Mr Moss Ngoasheng, Chairperson and independent Non-Executive Director: SASRIA said that: “The issue of the uninsured was not a new phenomenon. A lot of South Africans, particularly black South Africans, were not insured. The majority of SMMEs -- for example, the “Mama-Hlangu who was selling vetkoeks at the corner of a street" -- were not insured”. They were going to have to start building models which made it a requirement to insure anyone who was involved in an economic activity, and who may be vulnerable to social unrest. This would require a significant change in SASRIA’s mandate and its capitalisation. It could not “write business” in the manner it would like unless it received strong support from its shareholder, with its balance sheet geared towards achieving that responsibility.”

Therefore, even though, “The SMMEs could afford to purchase SASRIA cover. The issue was not with the product, but more about accessibility. Most people did not buy insurance at all. If one did not have insurance, it was very difficult to add SASRIA.”

The magnitude, extent of destruction, and nature of the civil unrest in Kwa-Zulu Natal and Gauteng were unprecedented and an extreme event, but it did not occur in isolation. According to The Institute for Security Studies Protest and Public Violence Monitor, lockdown has seen a socio-political environment of steadily rising disruptive or violent civil protests.[4] Moves by SASRIA to start building models which make it a requirement to insure anyone who is involved in an economic activity, and who are the most vulnerable to social unrest are therefore welcome in protecting otherwise excluded small and medium businesses.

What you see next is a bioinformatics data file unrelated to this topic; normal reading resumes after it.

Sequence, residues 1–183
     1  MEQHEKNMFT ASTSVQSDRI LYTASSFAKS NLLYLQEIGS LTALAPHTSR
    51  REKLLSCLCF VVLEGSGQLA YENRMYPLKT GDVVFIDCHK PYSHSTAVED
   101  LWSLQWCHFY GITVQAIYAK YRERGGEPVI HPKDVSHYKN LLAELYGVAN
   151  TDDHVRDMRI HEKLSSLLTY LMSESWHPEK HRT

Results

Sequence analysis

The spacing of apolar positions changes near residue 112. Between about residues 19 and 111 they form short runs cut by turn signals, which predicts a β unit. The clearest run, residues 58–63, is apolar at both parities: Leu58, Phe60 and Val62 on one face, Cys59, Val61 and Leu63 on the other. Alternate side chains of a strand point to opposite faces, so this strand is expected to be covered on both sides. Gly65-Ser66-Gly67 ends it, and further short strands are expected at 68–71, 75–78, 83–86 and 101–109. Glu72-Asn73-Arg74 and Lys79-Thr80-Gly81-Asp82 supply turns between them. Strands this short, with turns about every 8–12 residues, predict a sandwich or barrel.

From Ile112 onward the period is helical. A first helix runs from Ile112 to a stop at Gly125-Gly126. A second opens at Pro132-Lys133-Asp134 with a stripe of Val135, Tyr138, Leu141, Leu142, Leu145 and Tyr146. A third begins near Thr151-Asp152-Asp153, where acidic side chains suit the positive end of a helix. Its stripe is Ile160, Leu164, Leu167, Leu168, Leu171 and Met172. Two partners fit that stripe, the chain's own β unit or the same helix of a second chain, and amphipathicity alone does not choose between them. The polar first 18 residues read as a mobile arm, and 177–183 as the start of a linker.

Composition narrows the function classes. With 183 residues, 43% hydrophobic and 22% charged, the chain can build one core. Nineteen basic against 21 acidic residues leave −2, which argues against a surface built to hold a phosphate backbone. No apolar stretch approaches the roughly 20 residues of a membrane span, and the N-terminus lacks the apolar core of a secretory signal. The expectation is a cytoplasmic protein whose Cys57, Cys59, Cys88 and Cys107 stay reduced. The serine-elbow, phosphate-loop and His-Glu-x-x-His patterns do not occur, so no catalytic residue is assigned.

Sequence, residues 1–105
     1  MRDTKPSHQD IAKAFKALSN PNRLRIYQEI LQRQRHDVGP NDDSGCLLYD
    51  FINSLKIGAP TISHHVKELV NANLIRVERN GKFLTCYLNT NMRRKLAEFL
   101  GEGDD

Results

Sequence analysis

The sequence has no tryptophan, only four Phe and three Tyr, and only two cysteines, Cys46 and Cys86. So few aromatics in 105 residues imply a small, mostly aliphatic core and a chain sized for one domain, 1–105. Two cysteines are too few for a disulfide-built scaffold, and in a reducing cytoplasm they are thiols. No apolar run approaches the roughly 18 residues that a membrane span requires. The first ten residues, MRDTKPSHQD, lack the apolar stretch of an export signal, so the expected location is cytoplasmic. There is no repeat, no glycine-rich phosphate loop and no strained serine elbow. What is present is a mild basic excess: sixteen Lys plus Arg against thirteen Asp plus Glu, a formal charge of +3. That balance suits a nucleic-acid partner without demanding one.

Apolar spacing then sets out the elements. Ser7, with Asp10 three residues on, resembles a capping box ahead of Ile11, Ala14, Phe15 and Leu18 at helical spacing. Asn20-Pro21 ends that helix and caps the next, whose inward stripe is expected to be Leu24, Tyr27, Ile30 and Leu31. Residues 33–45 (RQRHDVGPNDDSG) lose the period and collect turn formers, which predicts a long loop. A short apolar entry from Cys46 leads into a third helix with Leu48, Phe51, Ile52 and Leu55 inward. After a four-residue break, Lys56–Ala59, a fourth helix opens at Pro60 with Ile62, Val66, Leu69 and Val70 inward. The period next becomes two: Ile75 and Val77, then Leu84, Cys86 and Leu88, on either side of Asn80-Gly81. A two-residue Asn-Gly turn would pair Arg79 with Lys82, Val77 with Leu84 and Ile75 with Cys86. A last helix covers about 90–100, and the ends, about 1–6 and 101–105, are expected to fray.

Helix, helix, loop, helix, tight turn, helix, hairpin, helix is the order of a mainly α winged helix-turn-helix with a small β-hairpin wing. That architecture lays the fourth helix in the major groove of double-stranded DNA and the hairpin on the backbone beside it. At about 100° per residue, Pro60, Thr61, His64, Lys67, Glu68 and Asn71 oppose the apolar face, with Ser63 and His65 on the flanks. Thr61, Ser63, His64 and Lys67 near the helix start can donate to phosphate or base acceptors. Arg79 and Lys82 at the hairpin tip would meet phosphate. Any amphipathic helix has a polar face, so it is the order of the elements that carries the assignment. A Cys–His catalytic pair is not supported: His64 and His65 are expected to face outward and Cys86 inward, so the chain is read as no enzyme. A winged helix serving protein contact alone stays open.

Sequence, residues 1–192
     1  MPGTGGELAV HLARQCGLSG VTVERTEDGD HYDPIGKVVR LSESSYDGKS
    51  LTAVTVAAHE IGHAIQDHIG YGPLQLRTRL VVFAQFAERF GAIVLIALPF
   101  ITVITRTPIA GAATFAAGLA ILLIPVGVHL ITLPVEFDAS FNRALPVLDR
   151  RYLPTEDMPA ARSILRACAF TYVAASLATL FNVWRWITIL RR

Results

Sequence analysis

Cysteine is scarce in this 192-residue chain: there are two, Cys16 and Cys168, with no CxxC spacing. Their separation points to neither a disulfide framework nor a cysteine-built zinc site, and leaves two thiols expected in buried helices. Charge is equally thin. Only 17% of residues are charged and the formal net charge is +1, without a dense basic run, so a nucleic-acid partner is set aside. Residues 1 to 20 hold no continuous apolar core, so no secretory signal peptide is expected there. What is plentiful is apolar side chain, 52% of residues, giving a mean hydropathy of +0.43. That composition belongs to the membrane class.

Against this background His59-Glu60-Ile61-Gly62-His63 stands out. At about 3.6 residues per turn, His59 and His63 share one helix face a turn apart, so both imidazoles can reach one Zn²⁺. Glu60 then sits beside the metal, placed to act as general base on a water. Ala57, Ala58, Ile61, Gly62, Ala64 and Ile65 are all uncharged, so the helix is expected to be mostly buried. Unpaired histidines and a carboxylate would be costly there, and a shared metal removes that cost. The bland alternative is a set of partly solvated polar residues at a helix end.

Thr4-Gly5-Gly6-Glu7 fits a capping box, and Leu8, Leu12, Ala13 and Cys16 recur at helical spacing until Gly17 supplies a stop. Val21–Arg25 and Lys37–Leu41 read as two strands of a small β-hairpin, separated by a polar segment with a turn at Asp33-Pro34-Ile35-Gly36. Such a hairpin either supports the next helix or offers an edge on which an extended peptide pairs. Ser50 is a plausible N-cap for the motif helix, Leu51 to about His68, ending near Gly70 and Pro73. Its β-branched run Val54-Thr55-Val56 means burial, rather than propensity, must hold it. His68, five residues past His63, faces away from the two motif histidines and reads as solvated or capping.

Progress update on the settlement of claims – 4 October 2021

Taking into account the mammoth task currently underway, Sasria remains committed to honouring all eligible claims; and have implemented the following plans to expedite claims payments:

  1. Almost 100% of claims notifications have been received and they are in the process of loss adjustment;
  2. To date, claims amounting to over R5.8 billion have been paid;
  3. All claims below R1 million to be settled and paid in full quicker, and the Agent companies are working extremely hard to make sure that these claims are paid as quickly as possible;
  4. Sasria is determined to settle 80% of all claims between R1 million and R30 million by the end of October 2021;
  5. asria has started paying interim payments as proposed by Loss Adjusters on all big claims (above R30 million), and are determined to make sure that at least 30% of total claim value for big claims is paid in the next couple of weeks;
  6. We would like to assure clients that we have added resources to reduce any possible delays in the processing of claim payments;
  7. We are confident that in two weeks, we would have attended to all outstanding reports and made necessary payments; and
  8. Sasria has engaged with industry partners and reached an agreement that the damaged properties will rather be rebuilt, than do cash in lieu payments. Collaborative work with loss adjusters and the industry will be done to ensure that the buildings are rebuilt.

National Treasury Media Statement

[2] Allianz-Risk-Barometer-2021-Appendix.pdf at page 26.
[3]Parliamentary Monitoring Group